Old Testament

Psalm 95: Our maker and saviour

Mon, 21/03/2011 - 17:07 -- James Oakley

Psalm 95:1-7c inverts the categories of creation and salvation. Roughly, the pattern of the Psalm goes like this:

  • Come, let us shout joyfully to the Lord, the rock of our salvation (1-2)
  • For, he is a great God who holds, owns and formed everything (3-5)
  • Come, let us bow and kneel before our maker (6)
  • For he is our God, and we are his people, under his care (7a-c)
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Introducing the Psalms

Mon, 29/11/2010 - 12:45 -- James Oakley

I thought it might help if I wrote down my thoughts so far on the Psalms: What kind of literature are they? How are they to be read and interpreted today?

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Tell the idols!

Sat, 09/10/2010 - 07:26 -- James Oakley

The Bible repeatedly says that idols, being false gods, are little use. There is plenty of mockery of them to make the point. I love this detail...

The next day, when the Philistines came to strip the slain, they found Saul and his sons fallen on Mount Gilboa. And they stripped him and took his head and his armour, and sent messengers throughout the land of the Philistines to carry the good news to their idols and to their people. (1 Chronicles 10:8-9)

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Praise God for his wonderful deeds

Tue, 31/08/2010 - 07:26 -- James Oakley

We are forever looking for things God has done for us for which we can give him thanks. Things he has done for us and for no other people. That could be a temporal thing - we want things he has done for our generation and not for previous ones. That could be a spatial thing - we want things he has done for our village / town / county / nation and not for others. It could be both at once - things he has done for me and me alone.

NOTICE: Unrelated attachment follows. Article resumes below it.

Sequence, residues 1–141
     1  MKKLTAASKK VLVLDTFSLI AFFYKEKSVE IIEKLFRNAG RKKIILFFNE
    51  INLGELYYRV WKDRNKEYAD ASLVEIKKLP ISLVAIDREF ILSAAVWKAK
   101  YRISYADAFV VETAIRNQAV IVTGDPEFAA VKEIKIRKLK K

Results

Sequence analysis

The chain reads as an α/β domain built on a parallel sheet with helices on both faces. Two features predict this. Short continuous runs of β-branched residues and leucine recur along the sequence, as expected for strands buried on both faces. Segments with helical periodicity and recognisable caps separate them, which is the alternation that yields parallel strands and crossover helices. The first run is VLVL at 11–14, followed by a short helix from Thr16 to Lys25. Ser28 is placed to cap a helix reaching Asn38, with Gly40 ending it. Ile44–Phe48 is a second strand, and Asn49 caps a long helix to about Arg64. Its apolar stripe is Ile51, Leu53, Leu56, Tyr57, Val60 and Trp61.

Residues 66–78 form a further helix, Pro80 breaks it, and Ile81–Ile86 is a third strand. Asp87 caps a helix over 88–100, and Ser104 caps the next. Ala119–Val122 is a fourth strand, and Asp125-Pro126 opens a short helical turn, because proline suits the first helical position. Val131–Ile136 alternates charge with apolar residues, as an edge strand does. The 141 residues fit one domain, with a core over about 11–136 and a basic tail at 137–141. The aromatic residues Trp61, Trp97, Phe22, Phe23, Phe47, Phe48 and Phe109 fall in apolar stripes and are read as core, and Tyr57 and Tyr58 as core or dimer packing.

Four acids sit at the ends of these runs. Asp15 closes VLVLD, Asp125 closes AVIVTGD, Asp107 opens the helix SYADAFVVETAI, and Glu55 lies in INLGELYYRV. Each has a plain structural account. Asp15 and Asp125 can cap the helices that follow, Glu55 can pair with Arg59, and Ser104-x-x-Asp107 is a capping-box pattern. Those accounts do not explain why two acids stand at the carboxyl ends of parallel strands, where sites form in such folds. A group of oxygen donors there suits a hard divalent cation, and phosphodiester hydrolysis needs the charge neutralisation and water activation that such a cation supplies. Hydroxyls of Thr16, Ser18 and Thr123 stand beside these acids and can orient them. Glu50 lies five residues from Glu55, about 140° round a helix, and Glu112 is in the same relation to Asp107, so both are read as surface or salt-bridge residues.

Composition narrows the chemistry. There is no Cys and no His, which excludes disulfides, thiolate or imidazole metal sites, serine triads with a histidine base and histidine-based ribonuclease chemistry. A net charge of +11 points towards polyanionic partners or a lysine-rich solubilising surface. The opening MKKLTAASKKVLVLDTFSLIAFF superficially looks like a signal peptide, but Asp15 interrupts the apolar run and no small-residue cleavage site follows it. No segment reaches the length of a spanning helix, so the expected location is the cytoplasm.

Psalm 105 is a total contrast. It starts

Oh give thanks to the Lord;
call upon his name;

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Structure of Exodus 32-34

Wed, 04/08/2010 - 13:00 -- James Oakley

I find Motyer's proposed structure of Exodus 32-34 more convincing at some points than at others, but it definitely contains some useful observations about how the section as a whole is working:

A1      Moses doubted (32:1-6)
      B1      Covenant under threat. Moses’ intercession (32:7-14)
            C1      The broken tablets (32:15-19)

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Heaven in space and time

Wed, 21/07/2010 - 12:12 -- James Oakley

“It is most fitting that the Sabbath be the sign of this covenant. Israel, as we have noted, is a new creation. This is a new people of God, whom he intends to use to undo the work of the first man. Also, the tabernacle is a microcosm of the created order, a parcel of edenic splendour established amid the chaos of the world. The Sabbath is not just a reminder of the original creation in Genesis 1 and 2, but a reminder of God’s re-creation of the cosmos in the tabernacle.”

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Negative Commandments?

Sat, 10/07/2010 - 09:41 -- James Oakley

The ten commandments are framed as negative statements. Does that mean that they are negative in purpose, and restrictive of freedom? Not at all:

“A negative command is far more liberating than a positive one, for a positive command restricts life to that one course of action, whereas a negative command leaves life open to every course of action except one.” (Motyer, page 215)

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The law as table manners

Thu, 08/07/2010 - 14:36 -- James Oakley

Looking at Exodus 19-24 for Sunday morning, I'm struck by the structure of the law there. It is anchored with back-references to the deliverance from Egypt in chapter 19 and 20:1-2, and the climax is a meal shared by 74 of the Israelites in the presence of God in chapter 24. They enter heaven, and they eat and drink without dying.

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